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Israel's attack of aid ships in international waters strains relations within NATO

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The Israeli attack on the humanitarian aid flotilla that resulted in the death of 9 people has strained relations within an already tense environment in the NATO alliance. The flotilla left from Turkey and all those who died were Turskish citizens, one of whom also held U.S. citizenship.

The alliance has been especially strained by the rapidly shifting international scene following the fall of the Soviet Union, and more so following the U.S. invasion of Iraq and continued NATO-backed war in Afghanistan. NATO was created as a response to Soviet power. With the USSR gone, it's had to redefine its mission, a job that is not yet complete. Some complaints have been that the US has been pushing for NATO to reach and expand outside its traditional zone of influence to fill in the vacuum left behind by the Soviet collapse, moving into Eastern Europe, becoming active in the Caucasus and even Central Asia through Afghanistan. This has put stress on the alliance, with some questioning its role as an entity that is perhaps crossing the boundary from a defensive alliance to a proactive and expansionist one.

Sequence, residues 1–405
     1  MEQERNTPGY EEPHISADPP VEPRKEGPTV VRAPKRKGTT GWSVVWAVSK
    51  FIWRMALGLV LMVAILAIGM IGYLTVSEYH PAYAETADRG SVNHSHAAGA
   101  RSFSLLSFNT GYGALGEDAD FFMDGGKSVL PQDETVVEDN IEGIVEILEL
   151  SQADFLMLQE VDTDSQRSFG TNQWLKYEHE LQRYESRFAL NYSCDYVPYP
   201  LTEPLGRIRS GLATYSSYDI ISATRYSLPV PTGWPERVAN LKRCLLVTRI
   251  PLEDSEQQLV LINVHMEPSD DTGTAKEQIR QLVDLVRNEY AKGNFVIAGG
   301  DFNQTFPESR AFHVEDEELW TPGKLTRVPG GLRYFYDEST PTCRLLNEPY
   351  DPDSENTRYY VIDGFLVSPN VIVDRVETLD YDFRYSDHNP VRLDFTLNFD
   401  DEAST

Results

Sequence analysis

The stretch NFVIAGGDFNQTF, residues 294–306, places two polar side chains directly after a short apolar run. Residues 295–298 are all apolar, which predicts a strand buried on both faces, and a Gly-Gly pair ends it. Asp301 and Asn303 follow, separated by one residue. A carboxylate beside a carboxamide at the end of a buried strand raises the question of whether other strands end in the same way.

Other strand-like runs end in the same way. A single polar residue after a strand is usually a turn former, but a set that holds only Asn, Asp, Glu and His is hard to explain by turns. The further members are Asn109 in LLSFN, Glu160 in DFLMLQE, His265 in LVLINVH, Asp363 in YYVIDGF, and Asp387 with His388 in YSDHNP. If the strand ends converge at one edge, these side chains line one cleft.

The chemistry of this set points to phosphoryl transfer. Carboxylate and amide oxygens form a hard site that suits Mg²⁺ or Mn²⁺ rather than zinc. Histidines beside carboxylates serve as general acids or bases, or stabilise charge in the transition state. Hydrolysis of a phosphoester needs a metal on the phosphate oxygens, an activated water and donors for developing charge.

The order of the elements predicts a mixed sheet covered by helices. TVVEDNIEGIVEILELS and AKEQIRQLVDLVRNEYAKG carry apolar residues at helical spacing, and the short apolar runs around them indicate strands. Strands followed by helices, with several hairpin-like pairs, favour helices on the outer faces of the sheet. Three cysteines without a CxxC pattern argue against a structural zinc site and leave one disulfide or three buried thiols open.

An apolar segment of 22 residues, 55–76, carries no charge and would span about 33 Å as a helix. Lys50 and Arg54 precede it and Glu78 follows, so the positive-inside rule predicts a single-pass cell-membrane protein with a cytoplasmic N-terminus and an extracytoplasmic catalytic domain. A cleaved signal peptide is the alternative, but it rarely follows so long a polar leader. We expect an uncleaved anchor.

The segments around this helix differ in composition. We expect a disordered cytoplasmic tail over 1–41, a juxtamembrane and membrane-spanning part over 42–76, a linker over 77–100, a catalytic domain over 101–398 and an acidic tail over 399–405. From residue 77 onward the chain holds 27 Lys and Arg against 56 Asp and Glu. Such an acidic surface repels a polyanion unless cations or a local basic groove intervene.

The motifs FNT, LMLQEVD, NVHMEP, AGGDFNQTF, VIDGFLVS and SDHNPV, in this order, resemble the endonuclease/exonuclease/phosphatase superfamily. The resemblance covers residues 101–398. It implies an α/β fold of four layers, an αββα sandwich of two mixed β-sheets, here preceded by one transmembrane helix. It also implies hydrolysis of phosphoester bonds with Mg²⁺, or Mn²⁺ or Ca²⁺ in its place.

NATO is undergoing an existential crisis in trying to redefine itself following the Cold War and in the face of multiple international powers that have risen to challenge the short span of time in which the U.S. was an uncontested superpower.

After talking to people in NATO headquarters, former British ambassador Craig Murray has said that the recent Israeli attack of the aid ships in international waters has further strained relations between NATO members:

"But what kind of mutual support organisation is NATO when members must make decades long commitments, at huge expense and some loss of life, to support the United States [in Afghanistan], but cannot make even a gesture to support Turkey when Turkey is attacked by a non-member?

"Even the Eastern Europeans have not been backing the U.S. line on the Israeli attack. The atmosphere in NATO on the issue has been very much the U.S. against the rest, with the U.S. attitude inside NATO described to me by a senior NATO officer as "amazingly arrogant -- they don't seem to think it matters what anybody else thinks".

"Therefore what is troubling the hearts and souls of non-Americans in NATO HQ is this fundamental question. Is NATO genuinely a mutual defence organisation, or is it just an instrument to carry out U.S. foreign policy? With its unthinking defence of Israel and military occupation of Afghanistan, is U.S. foreign policy really defending Europe, or is it making the World less safe by causing Islamic militancy?

"I leave the last word to one of the senior NATO officers - who incidentally is not British:
"Nobody but the Americans doubts the U.S. position on the Gaza attack is wrong and insensitve. But everyone already quietly thought the same about wider American policy. This incident has allowed people to start saying that now privately to each other.' "

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